No easy money here.

Read this brilliant article about BEE. In it, BEE is likened to masturbating, “it only gives you the illusion of the real thing.

I think that the sooner we wake up and realise, as a country, that there is no such thing as a “quick buck”, the better. BEE, just like the sub-prime market in the US is heading for the rocks.

In the sub-prime market, banks were prepared to lend money to even the unemployed to buy houses because they knew that with residential house prices increasing at double digit percentages, even if the borrower never even managed one single repayment, they’d be fine, because the capital appreciation of the house would more than offset the lost interest. This all went well for a while while prices (you notice I don’t say, values) were increasing at 15-30% per annum, but when the worm turned and prices started dropping, the banks equity in these deals started looking rather bleak.

South African BEE deals are no different. Here is a simple little example;

Koos owns a company that has dealt with a local authority for years. Suddenly out of the blue, he is advised that unless he becomes BEE-compliant, he will lose this lucrative contract. Sipho, who has worked at his side for many years, is offered a share in the company in order to meet the BEE targets. The auditors of the company value the business at R10M and Sipho takes over 51% of the company at a price of R5.1M. He obviously doesn’t have this kind of money available in cash, so a loan account is opened for him in the company, ie. his loan account is debited and Koos’ is credited. The loan account attracts interest at 10% PA, so that the loan is not deemed a donation by SARS.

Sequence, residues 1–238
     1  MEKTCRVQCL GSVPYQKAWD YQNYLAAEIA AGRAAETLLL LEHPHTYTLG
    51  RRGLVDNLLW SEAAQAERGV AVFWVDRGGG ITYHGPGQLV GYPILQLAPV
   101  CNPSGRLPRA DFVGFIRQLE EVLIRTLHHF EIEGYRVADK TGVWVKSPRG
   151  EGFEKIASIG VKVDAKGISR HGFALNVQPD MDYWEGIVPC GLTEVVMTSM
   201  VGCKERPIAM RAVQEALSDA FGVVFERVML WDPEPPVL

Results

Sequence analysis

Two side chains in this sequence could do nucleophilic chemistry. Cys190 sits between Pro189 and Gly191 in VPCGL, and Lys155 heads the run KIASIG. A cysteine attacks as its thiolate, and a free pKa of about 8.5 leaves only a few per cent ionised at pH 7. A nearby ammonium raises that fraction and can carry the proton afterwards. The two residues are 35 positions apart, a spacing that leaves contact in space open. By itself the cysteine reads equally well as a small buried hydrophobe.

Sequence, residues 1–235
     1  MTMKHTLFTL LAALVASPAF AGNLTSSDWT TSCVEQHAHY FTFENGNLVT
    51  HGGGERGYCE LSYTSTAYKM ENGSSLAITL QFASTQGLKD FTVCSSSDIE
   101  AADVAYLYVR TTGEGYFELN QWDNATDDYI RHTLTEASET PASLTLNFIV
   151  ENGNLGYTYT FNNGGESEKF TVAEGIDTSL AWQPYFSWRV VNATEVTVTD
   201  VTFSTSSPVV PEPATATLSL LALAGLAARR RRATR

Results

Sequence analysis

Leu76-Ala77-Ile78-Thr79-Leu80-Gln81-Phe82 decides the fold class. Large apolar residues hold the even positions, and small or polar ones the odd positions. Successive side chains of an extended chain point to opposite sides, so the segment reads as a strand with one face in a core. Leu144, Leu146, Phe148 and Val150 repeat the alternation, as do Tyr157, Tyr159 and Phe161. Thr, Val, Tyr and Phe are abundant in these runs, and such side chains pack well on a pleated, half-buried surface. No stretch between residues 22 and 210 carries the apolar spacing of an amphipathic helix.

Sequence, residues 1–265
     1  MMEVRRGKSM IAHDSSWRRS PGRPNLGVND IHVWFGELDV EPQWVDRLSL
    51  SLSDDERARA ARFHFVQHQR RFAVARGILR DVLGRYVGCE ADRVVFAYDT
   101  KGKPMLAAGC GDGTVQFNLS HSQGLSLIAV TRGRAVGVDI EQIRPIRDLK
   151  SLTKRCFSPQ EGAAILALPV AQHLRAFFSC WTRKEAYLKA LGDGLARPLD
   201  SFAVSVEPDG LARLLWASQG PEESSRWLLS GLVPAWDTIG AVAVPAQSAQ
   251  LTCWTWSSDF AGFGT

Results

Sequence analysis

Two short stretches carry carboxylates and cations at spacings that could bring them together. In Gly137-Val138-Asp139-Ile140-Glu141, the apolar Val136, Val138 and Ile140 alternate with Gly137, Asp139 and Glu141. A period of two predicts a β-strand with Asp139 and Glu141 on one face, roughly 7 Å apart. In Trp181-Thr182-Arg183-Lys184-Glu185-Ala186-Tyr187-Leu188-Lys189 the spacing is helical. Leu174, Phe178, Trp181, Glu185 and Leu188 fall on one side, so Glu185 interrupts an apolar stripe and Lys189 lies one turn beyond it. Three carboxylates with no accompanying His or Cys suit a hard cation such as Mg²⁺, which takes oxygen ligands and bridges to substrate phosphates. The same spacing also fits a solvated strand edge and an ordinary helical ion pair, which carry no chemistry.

Koos and Sipho continue to draw their normal salaries relative to their jobs and let’s assume that they spend it all every month. Now let’s say that they have a good year and make R1M profit. Sipho gets R510 000 and Koos gets R490 000. Sipho has to pay the interest on his loan account (ie 10%PA) so in this “good” year he ends up paying his R510 000 “profit” back to Koos as interest. All is not doom and gloom, because let’s say that at the end of this good year they get an offer of R12M for the company and accept it – remember the auditor only valued it at R10M, but hey, it’s been a good year for the company. In this scenario, Sipho gets R6.12M, repays his loan to Koos of R5.1M and pockets a cool R1.02M just for being the right guy with a black face in the right place.

Now this is all very well, but what if the economy turns downwards (which it has) and they only make R500 000 profit? Well Sipho gets 51%, ie. R255 000 but still has to pay Koos R510 000 interest on his loan. He is short of R255 000, which he clearly doesn’t have, so the loan account just gets hit again, taking his commitment to Koos up to R5.355M. They decide to sell and get out while they can and the best offer they get is R8M which they take before things get even worse. Sipho gets R4.08M, but he owes Koos R5.355M and ends up indebted to the tune of R1.275M and suddenly being a “black diamond” doesn’t seem like so much fun anymore.

In this little example, the banks aren’t even involved, Koos lends the money to Sipho personally. Once the banks get their claws into these deals (and the numbers are in billions and not just millions) the numbers just get stupid and I know that there are hundreds of BEE deals unravelling right now, as the economy turns, inflation rises and the Reserve Banks notches up the interest rates.

Have we achieved anything by BEE or have we just been jerking off pretending to be rich?

The author of the article suggests that aspiring young (or not so young) blacks rather enter a trade and start up their own small businesses from scratch, an idea that I whole-heartedly agree with.

There is no easy money here.



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